For the sake of all things.
Thoughts then turned to the visions and prophecies of his contemporaries. First, to the dark and terrible vision of impending war – already at this world’s threshold. Second came his own impressions: the furious rush of armies thrust into combat and merged into a red sea of agony and death. There will be the death of innocents. There will be sorrow and weeping of parents for children, wives for husbands, and children for fathers. Together these will be the offspring of foul men and women who exult in their own isolation, and their lust to control and consume. He will be in the midst of it all. He will shed his own tears. He will be enraged by observed brutalities, and eviscerated by his own sorrow. He will know fear. He will be broken. He will also know the strength of the Giver. After this brokenness he will be transformed again.
For the sake of all things.
In this vision all becomes spent and consumed. This world is in darkness, and all is adrift without hope atop the depths of a raging sea. Overhead a violent wind roars and topples what is not already held in darkness’ jaws. All movement then ceases, and all things are suspended. Through this and into this comes a brilliant, bathing embracing, and liberating light. Darkness is dispelled and the raging sea is cast away. Now the Wind whispers and soothes.
For the sake of all things.
Overwhelmed and in fearful awe, Tres found himself prostrate on the bare, cold floor. He recovered to his knees. Now before him appeared the faces of his brothers, his parents, then all whom he has ever known. Then more and more appeared. There was layer upon layer, worlds upon worlds. He held out his hands to hold them back, but then he understood to pray.
For the sake of all things.
There were no thoughts, no appropriate words, except, “Gather them, O Giver, and draw them by your Breath into your Light and Life.”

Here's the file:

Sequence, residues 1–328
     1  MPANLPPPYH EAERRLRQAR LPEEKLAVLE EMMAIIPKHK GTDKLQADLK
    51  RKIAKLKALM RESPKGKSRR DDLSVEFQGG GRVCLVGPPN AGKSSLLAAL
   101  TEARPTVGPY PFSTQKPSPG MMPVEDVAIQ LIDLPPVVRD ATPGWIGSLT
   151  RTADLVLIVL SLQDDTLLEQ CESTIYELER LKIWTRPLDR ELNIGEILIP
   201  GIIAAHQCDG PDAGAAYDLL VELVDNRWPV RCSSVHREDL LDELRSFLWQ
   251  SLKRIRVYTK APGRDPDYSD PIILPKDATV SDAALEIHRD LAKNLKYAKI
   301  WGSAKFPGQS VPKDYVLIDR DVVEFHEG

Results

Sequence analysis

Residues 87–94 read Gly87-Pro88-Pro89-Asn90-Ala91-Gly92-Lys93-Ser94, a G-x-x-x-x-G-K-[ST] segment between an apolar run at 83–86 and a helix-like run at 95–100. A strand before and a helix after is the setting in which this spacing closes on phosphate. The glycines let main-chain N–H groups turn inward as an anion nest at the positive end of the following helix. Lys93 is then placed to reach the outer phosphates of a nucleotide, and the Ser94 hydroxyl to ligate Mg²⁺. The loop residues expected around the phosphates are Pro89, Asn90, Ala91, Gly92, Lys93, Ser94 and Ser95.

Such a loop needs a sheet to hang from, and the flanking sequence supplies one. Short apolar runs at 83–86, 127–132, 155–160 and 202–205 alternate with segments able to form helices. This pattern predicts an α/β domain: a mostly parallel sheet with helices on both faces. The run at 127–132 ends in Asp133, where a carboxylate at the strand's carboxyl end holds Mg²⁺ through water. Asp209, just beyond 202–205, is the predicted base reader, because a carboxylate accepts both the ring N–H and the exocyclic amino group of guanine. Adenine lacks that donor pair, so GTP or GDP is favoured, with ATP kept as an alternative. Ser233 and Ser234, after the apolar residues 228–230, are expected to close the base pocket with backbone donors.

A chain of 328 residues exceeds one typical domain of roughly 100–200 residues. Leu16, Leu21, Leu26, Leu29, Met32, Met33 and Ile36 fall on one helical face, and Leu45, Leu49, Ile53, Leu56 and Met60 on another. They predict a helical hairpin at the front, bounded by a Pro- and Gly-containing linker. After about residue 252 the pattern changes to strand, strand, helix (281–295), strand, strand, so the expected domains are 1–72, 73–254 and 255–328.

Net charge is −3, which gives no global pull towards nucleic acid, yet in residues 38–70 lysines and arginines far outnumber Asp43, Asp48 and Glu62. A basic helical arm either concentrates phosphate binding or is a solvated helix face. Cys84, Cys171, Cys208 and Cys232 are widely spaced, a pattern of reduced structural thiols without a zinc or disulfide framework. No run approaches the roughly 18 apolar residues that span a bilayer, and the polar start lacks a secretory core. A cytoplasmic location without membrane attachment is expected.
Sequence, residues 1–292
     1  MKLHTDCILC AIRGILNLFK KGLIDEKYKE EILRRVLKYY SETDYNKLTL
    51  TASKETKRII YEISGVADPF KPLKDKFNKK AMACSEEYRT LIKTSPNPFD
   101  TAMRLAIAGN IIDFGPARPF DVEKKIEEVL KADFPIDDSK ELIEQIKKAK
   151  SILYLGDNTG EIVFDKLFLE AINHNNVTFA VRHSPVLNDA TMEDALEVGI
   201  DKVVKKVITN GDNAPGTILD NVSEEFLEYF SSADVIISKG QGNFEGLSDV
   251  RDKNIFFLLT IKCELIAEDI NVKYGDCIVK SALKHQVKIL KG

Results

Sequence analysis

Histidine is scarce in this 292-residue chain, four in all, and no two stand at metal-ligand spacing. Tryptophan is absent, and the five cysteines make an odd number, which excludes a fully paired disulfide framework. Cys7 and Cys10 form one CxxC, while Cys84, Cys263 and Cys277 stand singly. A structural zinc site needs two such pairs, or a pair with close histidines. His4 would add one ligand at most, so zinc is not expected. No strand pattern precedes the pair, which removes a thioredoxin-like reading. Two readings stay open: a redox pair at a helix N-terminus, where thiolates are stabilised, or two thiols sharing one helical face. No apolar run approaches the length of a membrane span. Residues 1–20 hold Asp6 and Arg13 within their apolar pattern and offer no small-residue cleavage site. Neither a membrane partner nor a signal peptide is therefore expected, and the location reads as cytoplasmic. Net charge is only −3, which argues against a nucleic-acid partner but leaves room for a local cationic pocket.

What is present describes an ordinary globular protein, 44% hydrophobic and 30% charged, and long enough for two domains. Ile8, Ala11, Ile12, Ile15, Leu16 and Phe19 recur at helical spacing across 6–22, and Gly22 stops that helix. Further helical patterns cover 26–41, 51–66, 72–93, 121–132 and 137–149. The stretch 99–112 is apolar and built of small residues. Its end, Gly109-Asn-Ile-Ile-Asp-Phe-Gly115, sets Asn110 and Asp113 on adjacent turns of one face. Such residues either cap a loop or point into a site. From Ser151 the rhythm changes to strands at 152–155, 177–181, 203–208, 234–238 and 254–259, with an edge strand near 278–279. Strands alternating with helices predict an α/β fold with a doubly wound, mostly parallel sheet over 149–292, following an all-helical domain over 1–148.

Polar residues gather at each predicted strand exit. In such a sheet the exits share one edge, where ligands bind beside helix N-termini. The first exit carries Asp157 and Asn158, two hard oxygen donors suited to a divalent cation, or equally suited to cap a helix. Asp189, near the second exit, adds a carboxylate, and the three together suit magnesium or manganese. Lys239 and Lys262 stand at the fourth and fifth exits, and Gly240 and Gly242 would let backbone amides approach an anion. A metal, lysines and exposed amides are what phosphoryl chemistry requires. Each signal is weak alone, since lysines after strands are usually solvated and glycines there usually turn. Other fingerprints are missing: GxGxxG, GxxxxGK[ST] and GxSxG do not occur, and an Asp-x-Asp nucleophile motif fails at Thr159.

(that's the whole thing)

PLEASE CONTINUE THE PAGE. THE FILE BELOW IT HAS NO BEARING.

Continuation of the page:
Tres looked up and extended his arms upward with palms open to begin the Gesture of Faith. First, he drew his hands down and cupped his face with them. Next, he crossed his arms upon his chest. Then he extended his arms outward to complete the Gesture’s movements, but now outward to the multitude before him. Yet, Tres continued beyond the normal terminus. Symbolically, he drew his arms back to himself to receive them. Then he raised them back upward to offer them to the Giver of Light and Life.
Instantly, the vision of the multitude disappeared. The former emotions gave way to peace. Tres’ self-presence returned. Two wet streams remained trailing from his eyes. There was also a tactile sensation. He looked down. He was holding several small, hard objects in his right hand. Grains!
“For the sake of all things,” audibly declared the Breath. “This will be so!”
+ + + + +
 The Pagae (meaning “chain-linked”) Islands are an extensive archipelago that runs north to south off of the western coast of the Northern Continent, and more specifically the province of the Western Frontier.
 This is the term for a year.
 The Western Frontier is the western-most province of the Northern Continent.
 Linear land distance, like a mile or a kilometer.
 A “sweep” is the equivalent of a minute.
 A “full-turn” is the equivalent of an hour.
 That is, he is in his forties. A person’s life span is not accounted in calendars (years), but in decades of life.
 Taerophos means “keeper of light”, and is a priestly order.
 The Sacred Texts are comprised of three volumes: the Histories, Wisdom, and Truths and Promises.
 Mathos is like a deacon.
 Plural of Mathos
 Plural of Taerohos
 A ruling, or a leading Taerohos
 The term for summer